Isabel Allende is a Chilean writer, born 2 August 1942. She is famous for writing novels such as The House of Spirits and City of the Beasts. Her latest book is A Long Petal of the Sea.
Allende, who is a novelist, feminist, and philanthropist, is one of the most widely-read authors in the world, having sold more than 74 million books.
Her books have been translated into more than 42 languages. Allende is known for entertaining and educating readers by interweaving imaginative stories with significant historical events.
She has received 15 honorary doctorates, including one from Harvard University, and the PEN Center Lifetime Achievement Award. In 2014, President Barack Obama awarded Allende the Presidential Medal of Freedom, the nation’s highest civilian honour. She received Chile’s National Literature Prize in 2010.
On her website, she says this about writing: “On January 8, 1981, I was living in Venezuela and I received a phone call that my beloved grandfather was dying. I began a letter for him that later became my first novel, The House of Spirits. It was such a lucky book from the very beginning that I kept that lucky date to start.
“January 8th is a sacred day for me. I come to my office very early in the morning, alone. I light some candles for the spirits and the muses. I meditate for a while. I always have fresh flowers and incense. And I open myself completely to the experience that begins in that moment. I never know exactly what I’m going to write. I may have finished a book months before and may have been planning something, but it has happened already twice that when I sit down at the computer and turn it on, another thing comes out. It is as if I was pregnant with something, an elephant’s pregnancy, something that has been there for a very long time, growing, and then when I am able to relax completely and open myself to the writing, then the real book comes out.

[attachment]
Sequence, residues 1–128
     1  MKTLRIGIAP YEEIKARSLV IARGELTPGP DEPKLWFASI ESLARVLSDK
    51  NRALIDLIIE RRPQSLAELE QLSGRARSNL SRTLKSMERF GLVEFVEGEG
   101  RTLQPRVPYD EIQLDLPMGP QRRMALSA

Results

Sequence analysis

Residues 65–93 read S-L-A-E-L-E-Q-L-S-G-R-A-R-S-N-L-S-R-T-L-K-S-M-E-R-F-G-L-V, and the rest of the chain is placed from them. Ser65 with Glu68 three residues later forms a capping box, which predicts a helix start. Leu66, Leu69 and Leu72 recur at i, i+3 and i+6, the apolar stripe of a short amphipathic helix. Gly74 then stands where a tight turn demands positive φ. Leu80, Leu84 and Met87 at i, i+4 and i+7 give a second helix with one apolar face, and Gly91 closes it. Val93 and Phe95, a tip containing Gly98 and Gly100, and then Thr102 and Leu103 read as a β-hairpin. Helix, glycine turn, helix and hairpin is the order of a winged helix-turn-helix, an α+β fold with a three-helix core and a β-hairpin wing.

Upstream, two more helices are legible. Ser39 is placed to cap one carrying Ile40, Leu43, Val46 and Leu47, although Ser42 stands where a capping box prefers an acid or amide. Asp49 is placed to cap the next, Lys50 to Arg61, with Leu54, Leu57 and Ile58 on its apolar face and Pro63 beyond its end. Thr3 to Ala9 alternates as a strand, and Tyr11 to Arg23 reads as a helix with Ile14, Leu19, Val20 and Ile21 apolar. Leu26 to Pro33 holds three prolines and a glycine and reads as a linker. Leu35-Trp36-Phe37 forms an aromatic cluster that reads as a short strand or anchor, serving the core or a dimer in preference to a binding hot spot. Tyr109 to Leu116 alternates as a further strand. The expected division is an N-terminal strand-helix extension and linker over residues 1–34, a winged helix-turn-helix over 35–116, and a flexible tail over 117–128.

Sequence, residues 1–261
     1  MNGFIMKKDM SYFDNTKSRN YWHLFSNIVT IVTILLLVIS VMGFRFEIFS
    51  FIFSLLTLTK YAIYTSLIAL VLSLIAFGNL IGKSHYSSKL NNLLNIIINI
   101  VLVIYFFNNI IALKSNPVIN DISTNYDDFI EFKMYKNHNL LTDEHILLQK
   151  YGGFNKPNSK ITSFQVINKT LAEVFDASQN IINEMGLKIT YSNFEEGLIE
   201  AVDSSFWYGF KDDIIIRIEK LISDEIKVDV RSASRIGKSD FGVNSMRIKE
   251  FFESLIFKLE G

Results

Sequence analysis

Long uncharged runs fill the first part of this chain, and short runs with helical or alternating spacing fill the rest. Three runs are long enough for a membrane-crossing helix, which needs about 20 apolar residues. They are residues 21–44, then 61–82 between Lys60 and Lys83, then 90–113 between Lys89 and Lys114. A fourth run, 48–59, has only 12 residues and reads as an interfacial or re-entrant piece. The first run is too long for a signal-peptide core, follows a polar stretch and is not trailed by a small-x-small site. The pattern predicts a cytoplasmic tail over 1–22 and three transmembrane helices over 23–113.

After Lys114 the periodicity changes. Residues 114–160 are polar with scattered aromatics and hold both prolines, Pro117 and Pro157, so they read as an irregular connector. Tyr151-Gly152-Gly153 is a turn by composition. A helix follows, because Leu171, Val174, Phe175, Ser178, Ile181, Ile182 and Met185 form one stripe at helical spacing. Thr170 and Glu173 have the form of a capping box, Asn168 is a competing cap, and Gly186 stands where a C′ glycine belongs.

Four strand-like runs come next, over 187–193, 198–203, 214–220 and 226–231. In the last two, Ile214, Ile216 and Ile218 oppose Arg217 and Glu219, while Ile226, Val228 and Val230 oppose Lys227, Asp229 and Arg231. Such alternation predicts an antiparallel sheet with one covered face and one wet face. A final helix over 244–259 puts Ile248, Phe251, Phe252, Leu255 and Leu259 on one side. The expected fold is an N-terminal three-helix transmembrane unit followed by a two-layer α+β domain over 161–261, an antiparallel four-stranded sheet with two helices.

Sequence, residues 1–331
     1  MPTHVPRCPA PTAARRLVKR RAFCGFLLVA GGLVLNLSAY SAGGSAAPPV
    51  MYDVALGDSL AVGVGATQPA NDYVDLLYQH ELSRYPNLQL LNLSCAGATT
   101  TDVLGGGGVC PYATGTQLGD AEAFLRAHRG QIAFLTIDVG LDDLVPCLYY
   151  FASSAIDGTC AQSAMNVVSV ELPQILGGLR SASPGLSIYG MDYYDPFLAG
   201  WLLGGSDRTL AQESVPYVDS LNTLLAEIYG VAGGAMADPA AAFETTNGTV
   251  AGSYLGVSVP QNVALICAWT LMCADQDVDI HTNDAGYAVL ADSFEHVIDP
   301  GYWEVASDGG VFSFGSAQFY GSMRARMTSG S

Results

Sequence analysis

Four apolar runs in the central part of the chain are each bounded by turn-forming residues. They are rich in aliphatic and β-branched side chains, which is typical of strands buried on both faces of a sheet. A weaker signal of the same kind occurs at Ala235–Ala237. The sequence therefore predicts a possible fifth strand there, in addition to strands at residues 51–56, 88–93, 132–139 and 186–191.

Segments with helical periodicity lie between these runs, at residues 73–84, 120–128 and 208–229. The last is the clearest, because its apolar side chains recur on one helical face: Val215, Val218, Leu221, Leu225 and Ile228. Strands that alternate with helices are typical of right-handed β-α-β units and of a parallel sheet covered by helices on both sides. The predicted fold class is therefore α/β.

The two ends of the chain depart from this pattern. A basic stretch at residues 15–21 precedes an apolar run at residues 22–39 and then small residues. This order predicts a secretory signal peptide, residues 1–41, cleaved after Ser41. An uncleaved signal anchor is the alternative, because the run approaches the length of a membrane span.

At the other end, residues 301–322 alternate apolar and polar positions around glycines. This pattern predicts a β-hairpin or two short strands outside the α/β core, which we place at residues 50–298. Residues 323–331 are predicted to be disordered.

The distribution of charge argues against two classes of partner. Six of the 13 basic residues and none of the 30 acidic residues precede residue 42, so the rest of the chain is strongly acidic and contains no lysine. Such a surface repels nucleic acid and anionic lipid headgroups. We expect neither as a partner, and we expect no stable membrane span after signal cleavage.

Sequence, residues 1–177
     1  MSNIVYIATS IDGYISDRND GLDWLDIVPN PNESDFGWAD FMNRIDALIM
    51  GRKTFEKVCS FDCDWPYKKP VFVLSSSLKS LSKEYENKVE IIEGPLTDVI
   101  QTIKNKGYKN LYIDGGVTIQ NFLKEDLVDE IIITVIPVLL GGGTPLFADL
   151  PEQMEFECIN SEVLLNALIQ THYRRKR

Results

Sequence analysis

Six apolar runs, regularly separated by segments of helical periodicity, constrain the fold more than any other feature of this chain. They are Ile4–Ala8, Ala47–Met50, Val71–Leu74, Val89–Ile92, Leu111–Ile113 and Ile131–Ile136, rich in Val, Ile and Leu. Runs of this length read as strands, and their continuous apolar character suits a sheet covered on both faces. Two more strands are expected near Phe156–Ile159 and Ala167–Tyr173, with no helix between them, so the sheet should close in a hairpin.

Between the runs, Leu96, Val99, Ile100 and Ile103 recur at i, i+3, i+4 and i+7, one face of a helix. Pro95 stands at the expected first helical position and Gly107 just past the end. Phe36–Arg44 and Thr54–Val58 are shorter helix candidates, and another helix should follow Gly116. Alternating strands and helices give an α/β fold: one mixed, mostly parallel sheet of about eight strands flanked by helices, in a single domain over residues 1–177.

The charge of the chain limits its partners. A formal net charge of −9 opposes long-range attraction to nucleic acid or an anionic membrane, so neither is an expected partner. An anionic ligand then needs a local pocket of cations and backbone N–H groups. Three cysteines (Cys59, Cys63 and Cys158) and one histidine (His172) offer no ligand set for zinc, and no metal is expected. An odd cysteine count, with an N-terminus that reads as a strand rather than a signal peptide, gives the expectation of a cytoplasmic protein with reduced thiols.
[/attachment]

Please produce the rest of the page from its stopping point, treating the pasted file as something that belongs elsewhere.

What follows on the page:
“I try to write the first sentence in a state of trance, as if somebody else was writing it through me. That first sentence usually determines the whole book. It’s a door that opens to an unknown territory that I have to explore with my characters. And slowly, as I write, the story seems to unfold itself, in spite of me. It just happens.
“I spend ten, twelve hours a day alone in a room writing. I don’t talk to anybody. I don’t answer the telephone. I’m just a medium or an instrument of something that is happening beyond me, voices that talk through me. I’m creating a world that is fiction but that doesn’t belong to me. I’m not God; I’m just an instrument. And in that long, very patient daily exercise of writing I have discovered a lot about myself and about life. I have learned. I’m not conscious of what I’m writing. It’s a strange process—as if by this lying-in-fiction you discover little things that are true about yourself, about life, about people, about how the world works.
“I take notes all the time. I have a notebook in my purse and when I see or hear something interesting, I make a note. I cut clippings from newspapers and write notes about the news I hear on TV. I write notes on stories that people tell me. When I start a book I pull out all these notes because they inspire me. I write directly on my computer using no outline, just following my instinct. Once the story has been told on the screen, I print it for the first time and read it. Then I know what the book is about. The second draft deals with language, tension, tone, and rhythm.
“When I develop a character I usually look for a person who can serve as a model. If I have that person in mind, it is easier for me to create characters that are believable. People are complex and complicated—they seldom show all the aspects of their personalities. Characters should be that way too. I allow the characters to live their own lives in the book. Often I have the feeling that I don’t control them. The story goes in unexpected directions and my job is to write it down, not to force it into my previous ideas.”